JAMM AQUINO / JAQUINO@STARBULLETIN.COM
Leilehua quarterback Andrew Manley has not lost a game since joining the varsity in the middle of last season.
Manley keeps it all together in Wahiawa
Every school kid around the country is aware of Pearl Harbor. But what young person has heard of "From Here to Eternity," and knows that much of it was filmed at Schofield Barracks?
Just like the Wahiawa area in the overall historic picture of Hawaii, Leilehua High School football is undeniably relevant, but kind of off to the side. This is true even in some of its most momentous times, including last year when Wahiawa held a parade for its state champs. And, today, Andrew Manley, the best high school quarterback in the state, toils between the old barracks and pineapple fields in relative obscurity.
When Hugh Yoshida's team was consistently excellent a generation ago, Waianae, Kamehameha, Saint Louis and Radford, among others, usually stole the spotlight. When debates about the greatest high school players in state history come up, spectacular Mules like Al Harris, Adrian Murrell and Lauvale Sape often get an "Oh, yeah, forgot about him," even from ardent observers.
More of the same is true now, despite the dramatic upset in the 2007 state final over Saint Louis, with a sophomore, Manley, leading the way. So far Leilehua has done everything right in defending the crown, 4-0 headed into tonight's game at Pearl City.
There's a lot more focus on the Interscholastic League of Honolulu, where the town private school behemoths do battle. Leilehua remained No. 2 in the polls after Saint Louis knocked off Punahou last week.
This doesn't bother Manley and his teammates.
"We're motivated to be No. 1, but we don't mind being No. 2," Manley says as he and the rest of the team prep the school field for practice. "We kind of like to play as an underdog. And we've proven ourselves every week. We'll try to be there at the end of the season."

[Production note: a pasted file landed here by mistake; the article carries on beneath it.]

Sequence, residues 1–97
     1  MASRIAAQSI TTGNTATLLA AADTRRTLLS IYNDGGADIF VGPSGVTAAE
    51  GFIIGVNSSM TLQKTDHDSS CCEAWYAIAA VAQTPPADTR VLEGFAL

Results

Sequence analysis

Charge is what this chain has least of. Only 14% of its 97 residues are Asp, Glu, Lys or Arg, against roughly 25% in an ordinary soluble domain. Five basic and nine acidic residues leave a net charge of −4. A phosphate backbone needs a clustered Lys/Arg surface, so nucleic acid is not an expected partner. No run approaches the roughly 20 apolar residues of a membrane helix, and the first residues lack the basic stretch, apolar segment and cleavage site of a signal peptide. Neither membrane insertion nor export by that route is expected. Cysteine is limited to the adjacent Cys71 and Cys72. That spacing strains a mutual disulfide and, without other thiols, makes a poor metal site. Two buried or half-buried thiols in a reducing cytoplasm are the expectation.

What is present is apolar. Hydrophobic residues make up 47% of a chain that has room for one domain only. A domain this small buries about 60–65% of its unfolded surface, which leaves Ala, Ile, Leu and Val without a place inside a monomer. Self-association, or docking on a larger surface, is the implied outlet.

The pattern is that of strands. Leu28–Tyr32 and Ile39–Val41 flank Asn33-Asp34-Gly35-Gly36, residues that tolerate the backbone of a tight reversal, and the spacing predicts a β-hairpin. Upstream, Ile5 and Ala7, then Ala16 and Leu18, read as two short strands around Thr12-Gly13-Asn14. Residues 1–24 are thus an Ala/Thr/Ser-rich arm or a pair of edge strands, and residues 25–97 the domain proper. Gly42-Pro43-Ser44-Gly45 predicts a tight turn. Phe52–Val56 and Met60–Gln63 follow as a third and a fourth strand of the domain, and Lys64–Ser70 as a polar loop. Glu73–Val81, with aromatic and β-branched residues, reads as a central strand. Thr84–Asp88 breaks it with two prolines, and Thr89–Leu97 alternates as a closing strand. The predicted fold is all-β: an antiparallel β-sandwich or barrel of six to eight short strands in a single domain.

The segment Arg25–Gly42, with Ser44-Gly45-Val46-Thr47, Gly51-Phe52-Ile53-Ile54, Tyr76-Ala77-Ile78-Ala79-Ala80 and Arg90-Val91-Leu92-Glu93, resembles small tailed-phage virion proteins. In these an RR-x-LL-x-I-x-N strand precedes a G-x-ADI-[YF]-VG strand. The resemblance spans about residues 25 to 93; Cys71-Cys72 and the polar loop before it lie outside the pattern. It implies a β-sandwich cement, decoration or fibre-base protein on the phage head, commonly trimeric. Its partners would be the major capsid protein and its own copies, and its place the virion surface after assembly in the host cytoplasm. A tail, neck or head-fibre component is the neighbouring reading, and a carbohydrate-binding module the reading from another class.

Some consider Manley overrated, questioning his touch and footwork. I watched him throw every pass on target for nearly an hour Wednesday, before a couple of low ones, prompting technique adjustments from coach Nolan Tokuda.
"His accuracy was pretty decent last year, but he used to try to drill everything," Tokuda says. "Now he knows when to throw to a shoulder, when to put something under it."
Footwork? Check. Looked plenty mobile to me, and I'm told it's because of incessant work with the jump rope.
He's not quite the perfect quarterback yet, but getting better every day. He's got enough upside to draw the attention of Pac-10 recruiters and an offer from Hawaii.
But "The Manchild" is the perfect leader for the Mules because he represents both cultural sides of Leilehua football.
His father, Kimo, grew up in Wahiawa and played at Leilehua before joining the Air Force. Andrew was born at Fort Walton Beach, Fla., home of Eglin Air Force Base (also the birthplace of Jason Elam). He grew up in Germany, Oklahoma, Japan and Alaska before Kimo retired and the family returned to Hawaii a couple of years ago.
Leilehua is about one-third military dependents, which means plenty of transition. "When I see new kids, I go up to them and introduce myself," Manley says. "I know how they feel."
He's been around the world, but he's completely local. Manley's equally at home with barbecue at Molly's and loco moco at Dot's.
"He's a great leader because he doesn't put himself above anyone else," says receiver Edieson Dumlao.
The melding of local country kids whose families have been here several generations and military transfers hasn't always gone smoothly in the Leilehua corridors (or other schools with such a blend). But on the football field, it often does, with tremendous results.
Tokuda's got something special now, and it starts with Manley.
"He doesn't act like a star, and when your leader is as humble as he is, it makes it so much easier to develop the ohana," says Tokuda, a former Aiea quarterback who throws 110 passes each practice alongside Manley.
"I tell him if I were a senior, he'd be the tallest (6-foot-3) backup quarterback in the state," says Tokuda, who is 5-6. "He tells me I wouldn't be able to carry his bag. It's all fun. Because of these kids, I'm 36 going on 17."